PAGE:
However, in almost all groups, such statements were rebutted by people arguing the equation of nationalism and Nazism is a product of Soviet and Russian propaganda. As one Kyiv resident put it: “It is just that a lot of propaganda went through us, through the minds of all of us, hence we have an impression that nationalism is something bad, plain awful. And natsyky [a popular term for (radical) Ukrainian nationalists based on the word Nazi] is the worst that the country has experienced. But in my mind, they are just ardent patriots. For me… Russian propaganda made the words Nazism and nationalism into one, made into natsyky. Therefore, everybody thinks that Nazism and nationalism are the same” (K2, male, 25 years, in Ukrainian). Another Kyivite argued: “Nationalism is what makes a group into a people [narod], in my view. It is just that it [the term] is used by politicians somewhat distortedly. Plus, [there are] the Soviet stereotypes that if it is a Ukrainian nationalist, then it is very bad. If a Jew is a nationalist in Israel, it is good. If it is in America, it is normal. In Russia, normal. And Ukrainians are some very scary people. And therefore, we retain it on a genetic level” (K1, male, 38 years, in Ukrainian).
Some participants spoke at length about why nationalism is something Ukraine needs and how nationalists do a lot of good for the country. In the words of a Chernivtsi resident: “Not all in Ukraine can be nationalists, but one needs to promote the idea of Ukraine, and it is this small percent of nationalists that will present the idea. That is, for them, it is more important than for an ordinary person; hence they will, so to speak, be on the frontline in the fight for Ukraine, for the notion of Ukraine. And if there are no such frontrunner nationalists, then, in principle, the nation is likely to lose its identification little by little, little by little” (Ch1, male, 40 years, in Russian).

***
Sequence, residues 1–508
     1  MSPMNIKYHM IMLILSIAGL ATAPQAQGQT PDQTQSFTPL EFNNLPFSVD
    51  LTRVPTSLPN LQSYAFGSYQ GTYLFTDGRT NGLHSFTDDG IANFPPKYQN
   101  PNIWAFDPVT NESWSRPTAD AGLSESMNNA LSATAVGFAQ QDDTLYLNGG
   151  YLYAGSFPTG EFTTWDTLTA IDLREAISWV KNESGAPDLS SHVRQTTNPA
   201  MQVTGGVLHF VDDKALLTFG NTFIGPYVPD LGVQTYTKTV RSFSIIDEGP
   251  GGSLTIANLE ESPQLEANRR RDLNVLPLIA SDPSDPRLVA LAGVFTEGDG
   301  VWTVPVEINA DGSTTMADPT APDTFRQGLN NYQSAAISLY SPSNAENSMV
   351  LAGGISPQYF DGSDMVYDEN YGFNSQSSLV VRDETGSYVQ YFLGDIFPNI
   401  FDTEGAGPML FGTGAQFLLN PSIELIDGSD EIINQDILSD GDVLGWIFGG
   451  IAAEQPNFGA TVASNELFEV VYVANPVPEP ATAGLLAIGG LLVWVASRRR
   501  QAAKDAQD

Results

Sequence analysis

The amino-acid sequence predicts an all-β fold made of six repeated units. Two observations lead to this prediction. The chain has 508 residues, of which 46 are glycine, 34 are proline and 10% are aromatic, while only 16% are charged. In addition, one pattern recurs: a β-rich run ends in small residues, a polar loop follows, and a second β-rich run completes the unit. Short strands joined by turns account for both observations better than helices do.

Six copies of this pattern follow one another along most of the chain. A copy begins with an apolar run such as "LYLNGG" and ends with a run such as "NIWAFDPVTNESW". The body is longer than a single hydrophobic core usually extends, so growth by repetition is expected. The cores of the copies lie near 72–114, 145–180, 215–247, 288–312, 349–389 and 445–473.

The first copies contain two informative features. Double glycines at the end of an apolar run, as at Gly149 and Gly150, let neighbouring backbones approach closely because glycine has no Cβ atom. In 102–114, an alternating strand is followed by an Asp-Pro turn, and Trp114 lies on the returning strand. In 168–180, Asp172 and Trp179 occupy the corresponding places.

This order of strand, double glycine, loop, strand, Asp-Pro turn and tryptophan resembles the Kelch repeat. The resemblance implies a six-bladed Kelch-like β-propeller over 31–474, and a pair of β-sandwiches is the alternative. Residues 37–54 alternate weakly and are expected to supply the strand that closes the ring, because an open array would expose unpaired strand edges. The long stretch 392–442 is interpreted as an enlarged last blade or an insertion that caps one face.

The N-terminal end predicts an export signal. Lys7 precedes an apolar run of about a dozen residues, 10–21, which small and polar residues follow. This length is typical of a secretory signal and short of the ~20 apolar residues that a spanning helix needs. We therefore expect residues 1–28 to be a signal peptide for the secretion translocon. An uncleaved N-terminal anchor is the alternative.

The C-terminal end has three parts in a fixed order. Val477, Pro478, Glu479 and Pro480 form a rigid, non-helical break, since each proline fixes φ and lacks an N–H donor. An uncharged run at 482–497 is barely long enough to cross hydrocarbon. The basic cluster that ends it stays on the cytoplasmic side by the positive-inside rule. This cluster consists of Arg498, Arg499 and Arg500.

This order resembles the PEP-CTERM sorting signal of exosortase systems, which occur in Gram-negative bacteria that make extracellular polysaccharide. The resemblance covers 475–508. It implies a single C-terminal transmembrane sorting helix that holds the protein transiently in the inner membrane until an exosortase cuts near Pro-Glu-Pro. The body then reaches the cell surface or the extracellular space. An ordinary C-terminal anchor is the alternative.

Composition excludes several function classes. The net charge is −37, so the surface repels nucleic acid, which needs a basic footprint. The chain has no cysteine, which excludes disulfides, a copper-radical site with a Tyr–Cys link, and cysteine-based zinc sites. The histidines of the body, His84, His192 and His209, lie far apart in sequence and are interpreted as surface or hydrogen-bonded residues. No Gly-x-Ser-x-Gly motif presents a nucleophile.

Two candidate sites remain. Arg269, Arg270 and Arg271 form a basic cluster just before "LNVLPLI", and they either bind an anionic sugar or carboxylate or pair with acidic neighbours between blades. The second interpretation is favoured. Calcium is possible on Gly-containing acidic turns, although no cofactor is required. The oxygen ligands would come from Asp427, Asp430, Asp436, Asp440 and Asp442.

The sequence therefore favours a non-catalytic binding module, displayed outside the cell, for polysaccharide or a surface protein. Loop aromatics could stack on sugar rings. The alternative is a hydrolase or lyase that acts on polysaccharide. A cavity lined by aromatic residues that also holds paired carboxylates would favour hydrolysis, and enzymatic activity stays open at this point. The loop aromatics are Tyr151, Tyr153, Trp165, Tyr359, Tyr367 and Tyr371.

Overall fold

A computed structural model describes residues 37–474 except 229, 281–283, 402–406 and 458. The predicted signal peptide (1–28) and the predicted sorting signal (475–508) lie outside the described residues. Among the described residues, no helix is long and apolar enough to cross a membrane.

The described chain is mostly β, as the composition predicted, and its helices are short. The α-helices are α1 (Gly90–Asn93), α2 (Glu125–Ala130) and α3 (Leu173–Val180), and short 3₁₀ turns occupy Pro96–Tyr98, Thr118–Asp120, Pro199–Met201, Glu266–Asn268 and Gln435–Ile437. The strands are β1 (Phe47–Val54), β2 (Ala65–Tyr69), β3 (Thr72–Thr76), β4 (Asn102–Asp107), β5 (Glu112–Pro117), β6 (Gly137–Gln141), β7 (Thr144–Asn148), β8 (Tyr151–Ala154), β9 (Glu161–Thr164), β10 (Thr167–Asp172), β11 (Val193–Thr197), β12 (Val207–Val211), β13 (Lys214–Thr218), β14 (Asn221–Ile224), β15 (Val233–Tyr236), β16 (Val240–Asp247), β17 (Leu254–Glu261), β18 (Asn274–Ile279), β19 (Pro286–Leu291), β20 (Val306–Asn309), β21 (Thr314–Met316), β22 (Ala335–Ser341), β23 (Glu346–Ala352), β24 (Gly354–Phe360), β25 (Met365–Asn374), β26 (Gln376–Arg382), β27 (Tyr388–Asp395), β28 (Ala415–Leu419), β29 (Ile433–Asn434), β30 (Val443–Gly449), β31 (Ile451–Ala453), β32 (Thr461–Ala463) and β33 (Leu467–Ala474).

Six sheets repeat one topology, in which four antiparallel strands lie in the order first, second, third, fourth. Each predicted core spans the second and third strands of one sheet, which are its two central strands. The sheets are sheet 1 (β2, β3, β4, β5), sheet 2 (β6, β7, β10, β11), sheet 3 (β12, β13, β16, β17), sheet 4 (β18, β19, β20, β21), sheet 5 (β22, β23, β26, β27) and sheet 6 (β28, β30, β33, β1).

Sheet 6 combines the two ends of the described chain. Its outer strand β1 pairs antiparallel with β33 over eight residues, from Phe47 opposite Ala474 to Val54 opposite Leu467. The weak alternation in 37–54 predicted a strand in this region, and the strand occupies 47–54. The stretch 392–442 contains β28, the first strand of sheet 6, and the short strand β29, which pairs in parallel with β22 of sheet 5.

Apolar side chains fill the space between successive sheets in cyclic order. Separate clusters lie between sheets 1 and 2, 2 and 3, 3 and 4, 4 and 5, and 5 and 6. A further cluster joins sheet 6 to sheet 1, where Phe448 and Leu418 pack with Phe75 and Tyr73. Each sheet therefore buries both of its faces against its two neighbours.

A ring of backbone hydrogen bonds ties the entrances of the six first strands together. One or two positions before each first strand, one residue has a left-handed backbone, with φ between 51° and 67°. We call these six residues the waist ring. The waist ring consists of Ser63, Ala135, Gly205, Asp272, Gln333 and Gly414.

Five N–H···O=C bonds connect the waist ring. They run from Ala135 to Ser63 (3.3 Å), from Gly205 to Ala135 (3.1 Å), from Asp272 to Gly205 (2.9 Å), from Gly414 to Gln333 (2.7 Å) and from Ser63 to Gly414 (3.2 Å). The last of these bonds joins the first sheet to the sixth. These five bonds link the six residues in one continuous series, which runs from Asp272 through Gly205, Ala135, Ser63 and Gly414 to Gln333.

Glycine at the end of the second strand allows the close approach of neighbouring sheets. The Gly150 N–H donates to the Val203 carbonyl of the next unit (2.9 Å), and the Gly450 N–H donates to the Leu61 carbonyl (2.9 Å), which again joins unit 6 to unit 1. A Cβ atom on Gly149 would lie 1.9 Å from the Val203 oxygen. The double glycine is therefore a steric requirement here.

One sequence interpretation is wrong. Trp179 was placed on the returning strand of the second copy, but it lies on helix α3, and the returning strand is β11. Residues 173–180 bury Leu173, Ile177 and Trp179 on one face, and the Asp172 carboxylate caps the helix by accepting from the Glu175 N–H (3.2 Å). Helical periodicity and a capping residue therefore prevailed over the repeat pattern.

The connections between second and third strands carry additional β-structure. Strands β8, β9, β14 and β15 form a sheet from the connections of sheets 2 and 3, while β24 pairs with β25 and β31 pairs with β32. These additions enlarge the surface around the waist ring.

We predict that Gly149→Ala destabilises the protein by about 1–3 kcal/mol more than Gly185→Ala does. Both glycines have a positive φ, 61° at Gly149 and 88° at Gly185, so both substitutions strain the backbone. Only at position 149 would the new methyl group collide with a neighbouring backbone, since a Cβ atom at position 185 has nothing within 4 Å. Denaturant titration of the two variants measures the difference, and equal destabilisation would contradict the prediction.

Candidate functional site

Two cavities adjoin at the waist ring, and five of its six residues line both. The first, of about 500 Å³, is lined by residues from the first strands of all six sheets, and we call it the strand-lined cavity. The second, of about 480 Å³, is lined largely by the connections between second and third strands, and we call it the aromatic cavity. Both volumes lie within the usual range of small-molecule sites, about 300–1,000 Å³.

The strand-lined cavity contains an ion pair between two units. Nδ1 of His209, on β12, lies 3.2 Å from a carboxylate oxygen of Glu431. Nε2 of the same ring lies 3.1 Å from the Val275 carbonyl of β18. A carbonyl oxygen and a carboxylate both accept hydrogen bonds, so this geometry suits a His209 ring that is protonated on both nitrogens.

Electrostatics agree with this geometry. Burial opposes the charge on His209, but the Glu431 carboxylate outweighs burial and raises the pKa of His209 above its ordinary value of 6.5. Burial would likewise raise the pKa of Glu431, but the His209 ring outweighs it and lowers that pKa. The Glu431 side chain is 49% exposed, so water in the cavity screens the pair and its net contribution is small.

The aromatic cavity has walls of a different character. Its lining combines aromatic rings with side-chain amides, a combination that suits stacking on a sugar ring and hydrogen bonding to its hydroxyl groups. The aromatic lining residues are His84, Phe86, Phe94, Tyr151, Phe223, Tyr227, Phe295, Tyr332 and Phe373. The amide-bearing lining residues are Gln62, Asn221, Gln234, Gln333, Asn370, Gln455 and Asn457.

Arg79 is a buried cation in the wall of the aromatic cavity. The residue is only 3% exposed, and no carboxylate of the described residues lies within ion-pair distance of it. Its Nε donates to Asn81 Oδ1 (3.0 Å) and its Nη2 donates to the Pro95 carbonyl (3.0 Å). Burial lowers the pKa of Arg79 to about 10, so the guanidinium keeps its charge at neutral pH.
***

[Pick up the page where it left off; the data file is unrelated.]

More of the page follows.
His words resonate with that of a Kyivite who emphasized that the nationalists have already accomplished a lot in this fight, both by fighting the present enemy and keeping alive the memory of the past fighters: “These people, even taking the example of 2014, these were the first people who began to defend Ukraine [in the Donbas]. And now that the [large-scale] war started, they were the first people to be on the frontline. Yes, they have a kind of fanatical attitude toward Ukraine, its history, and its language. But these people, they… well, these are people who are ready to give their lives for Ukraine. There are politicians who exploit the term [nationalism], and there are people who are [nationalists] in their hearts. And this is very well. Because this is not only history which they cherish and pass on. We have learned a lot from them after 2014 about the OUN, the UPA, and some Ukrainian figures who earlier… who were presented in a distorted way” (K2, male, 35 years, in Ukrainian).